Daily Bird nesting season special: Wood Thrush
June 16, 2022
by Andy Rzeznikiewicz, Connecticut Audubon sanctuary manager. Videos and photo by Gilles Carter, Connecticut Audubon Board of Directors
Now is the perfect time to hear the beautiful, flute-like call of the Wood Thrush throughout — as its name would indicate — the woods of rural Connecticut. Listen in the early morning and evening along quiet roads or paths.
Follow the call and find the bird and you’ll see that it has a reddish-brown head, back, wings, and tail, and large white dark spots on a white breast and undersides. It has a thicker bill than other thrushes.
Wood Thrushes prefer deciduous forests with a shrub understory and a lot of leaf litter to hunt insects in. They are most easily found from early May through the first week of August when they are still singing. After that, they are very secretive and not easily observed through the end of September.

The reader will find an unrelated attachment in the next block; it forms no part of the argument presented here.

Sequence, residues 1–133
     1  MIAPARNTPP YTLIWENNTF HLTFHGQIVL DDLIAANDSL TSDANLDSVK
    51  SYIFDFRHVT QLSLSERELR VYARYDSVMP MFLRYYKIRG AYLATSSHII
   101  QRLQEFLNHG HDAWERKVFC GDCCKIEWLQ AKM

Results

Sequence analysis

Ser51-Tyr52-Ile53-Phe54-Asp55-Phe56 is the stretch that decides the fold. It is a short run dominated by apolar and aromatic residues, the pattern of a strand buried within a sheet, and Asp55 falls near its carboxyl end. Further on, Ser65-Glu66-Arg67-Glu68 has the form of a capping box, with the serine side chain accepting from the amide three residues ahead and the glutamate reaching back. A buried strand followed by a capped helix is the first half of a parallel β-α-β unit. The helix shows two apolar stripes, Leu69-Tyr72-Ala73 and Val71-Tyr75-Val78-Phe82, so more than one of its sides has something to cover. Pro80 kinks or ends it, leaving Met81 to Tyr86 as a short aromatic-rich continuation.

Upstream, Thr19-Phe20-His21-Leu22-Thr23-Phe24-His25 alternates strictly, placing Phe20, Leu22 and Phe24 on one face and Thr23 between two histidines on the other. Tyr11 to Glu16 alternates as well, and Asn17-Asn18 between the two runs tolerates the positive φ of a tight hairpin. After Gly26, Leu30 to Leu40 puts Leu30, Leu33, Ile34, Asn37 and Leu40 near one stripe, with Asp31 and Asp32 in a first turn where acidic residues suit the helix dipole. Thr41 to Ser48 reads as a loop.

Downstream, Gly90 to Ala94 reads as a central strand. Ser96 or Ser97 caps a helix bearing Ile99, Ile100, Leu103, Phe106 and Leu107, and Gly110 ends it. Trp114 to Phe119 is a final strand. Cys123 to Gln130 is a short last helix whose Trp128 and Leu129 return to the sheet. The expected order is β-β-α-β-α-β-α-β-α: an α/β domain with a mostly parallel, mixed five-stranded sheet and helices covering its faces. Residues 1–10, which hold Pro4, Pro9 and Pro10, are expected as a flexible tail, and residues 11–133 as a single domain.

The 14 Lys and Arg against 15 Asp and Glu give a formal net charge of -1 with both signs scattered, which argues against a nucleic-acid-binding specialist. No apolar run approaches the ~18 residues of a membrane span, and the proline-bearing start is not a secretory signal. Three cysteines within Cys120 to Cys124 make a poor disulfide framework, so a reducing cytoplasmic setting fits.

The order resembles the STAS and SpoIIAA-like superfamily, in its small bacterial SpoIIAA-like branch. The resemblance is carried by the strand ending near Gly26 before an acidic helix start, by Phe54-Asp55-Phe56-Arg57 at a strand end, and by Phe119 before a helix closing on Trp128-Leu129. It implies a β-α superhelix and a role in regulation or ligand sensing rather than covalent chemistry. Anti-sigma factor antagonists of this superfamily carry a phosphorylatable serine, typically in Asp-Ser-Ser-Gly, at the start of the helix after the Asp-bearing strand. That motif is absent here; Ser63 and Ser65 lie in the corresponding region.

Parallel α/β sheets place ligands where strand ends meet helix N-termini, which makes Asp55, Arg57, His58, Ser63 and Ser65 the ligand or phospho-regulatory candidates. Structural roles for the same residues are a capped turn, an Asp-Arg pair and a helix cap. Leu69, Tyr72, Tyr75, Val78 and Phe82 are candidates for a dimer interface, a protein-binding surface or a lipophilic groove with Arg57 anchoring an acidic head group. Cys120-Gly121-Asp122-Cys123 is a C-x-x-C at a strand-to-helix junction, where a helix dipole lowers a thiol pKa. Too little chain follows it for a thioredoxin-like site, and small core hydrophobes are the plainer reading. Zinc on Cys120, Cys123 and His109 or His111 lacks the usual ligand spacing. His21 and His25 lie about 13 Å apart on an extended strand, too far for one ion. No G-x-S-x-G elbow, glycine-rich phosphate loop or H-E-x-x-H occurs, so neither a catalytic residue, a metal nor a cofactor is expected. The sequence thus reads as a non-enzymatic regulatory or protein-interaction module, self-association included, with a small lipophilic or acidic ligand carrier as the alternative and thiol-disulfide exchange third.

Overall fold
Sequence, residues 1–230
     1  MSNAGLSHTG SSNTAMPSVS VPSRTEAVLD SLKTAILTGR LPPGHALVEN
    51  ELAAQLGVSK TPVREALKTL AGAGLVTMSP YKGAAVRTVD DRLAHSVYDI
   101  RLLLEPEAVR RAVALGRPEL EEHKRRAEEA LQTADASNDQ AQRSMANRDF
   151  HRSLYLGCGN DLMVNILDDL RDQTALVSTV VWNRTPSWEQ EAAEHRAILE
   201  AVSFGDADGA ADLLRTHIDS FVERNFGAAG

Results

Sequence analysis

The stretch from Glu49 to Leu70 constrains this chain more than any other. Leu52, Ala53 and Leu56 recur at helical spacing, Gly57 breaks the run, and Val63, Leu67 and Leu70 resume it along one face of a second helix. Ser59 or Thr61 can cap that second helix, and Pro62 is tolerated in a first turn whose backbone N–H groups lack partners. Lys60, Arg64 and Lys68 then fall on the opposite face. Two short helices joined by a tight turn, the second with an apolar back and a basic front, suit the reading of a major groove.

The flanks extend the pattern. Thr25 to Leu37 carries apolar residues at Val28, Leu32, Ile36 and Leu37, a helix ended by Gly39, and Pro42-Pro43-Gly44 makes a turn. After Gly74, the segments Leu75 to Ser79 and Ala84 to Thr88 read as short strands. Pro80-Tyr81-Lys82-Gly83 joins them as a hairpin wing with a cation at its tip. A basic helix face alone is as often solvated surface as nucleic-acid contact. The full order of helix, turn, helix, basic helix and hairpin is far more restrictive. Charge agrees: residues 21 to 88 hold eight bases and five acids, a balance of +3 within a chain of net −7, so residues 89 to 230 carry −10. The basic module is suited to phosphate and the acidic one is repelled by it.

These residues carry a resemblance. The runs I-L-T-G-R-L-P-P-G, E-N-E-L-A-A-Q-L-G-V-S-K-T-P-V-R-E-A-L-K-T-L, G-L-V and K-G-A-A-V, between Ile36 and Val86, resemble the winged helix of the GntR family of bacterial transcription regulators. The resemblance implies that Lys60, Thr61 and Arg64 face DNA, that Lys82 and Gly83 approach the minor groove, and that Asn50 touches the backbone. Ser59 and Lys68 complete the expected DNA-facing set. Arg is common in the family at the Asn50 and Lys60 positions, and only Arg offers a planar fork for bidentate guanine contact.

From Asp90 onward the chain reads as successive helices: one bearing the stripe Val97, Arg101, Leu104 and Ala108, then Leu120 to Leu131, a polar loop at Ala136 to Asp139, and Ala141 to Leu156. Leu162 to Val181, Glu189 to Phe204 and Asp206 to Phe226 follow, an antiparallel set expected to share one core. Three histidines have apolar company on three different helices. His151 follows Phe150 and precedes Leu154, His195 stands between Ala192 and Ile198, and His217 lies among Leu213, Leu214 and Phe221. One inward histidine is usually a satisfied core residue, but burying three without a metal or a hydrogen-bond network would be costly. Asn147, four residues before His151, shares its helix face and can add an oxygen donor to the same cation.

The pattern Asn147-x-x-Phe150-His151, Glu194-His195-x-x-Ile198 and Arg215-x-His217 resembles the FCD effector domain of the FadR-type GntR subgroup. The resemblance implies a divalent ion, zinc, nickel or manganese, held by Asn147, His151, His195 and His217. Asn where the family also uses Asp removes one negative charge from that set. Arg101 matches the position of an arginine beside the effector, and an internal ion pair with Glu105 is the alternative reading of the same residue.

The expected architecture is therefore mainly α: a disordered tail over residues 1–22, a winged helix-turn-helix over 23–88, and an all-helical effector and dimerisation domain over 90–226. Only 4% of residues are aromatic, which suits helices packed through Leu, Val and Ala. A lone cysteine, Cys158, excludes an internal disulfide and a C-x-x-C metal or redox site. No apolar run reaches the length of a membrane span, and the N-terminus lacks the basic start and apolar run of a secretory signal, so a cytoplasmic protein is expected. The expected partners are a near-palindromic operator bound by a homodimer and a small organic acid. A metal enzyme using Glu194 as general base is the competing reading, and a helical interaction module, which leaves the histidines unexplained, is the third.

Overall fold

Look for them feeding in and along quiet wooded roads, particularly dirt roads. Veerys also behave this way, but they lack the prominent spots on the breast and aren’t as reddish-brown.
The dirt roads through Natchaug State Forest in Eastford and Needle’s Eye Road in Pomfret are good locations. The Connecticut DEEP’s Airline Trail through most of its length is another great location to spot one out in the open on the pathway. Similar types of locations throughout the state should produce observations.
If you happen to miss out on the Wood Thrush, look for Ovenbirds, Veerys, Black-and-white Warblers and American Redstarts. They are among the many forest birds that can be found in similar habitat. Also check the treetops for Scarlet Tanagers and Red-eyed Vireos.
The Wood Thrush is still fairly widespread ad common in Connecticut, although it population has fallen by more than 70 percent over the last 50 years.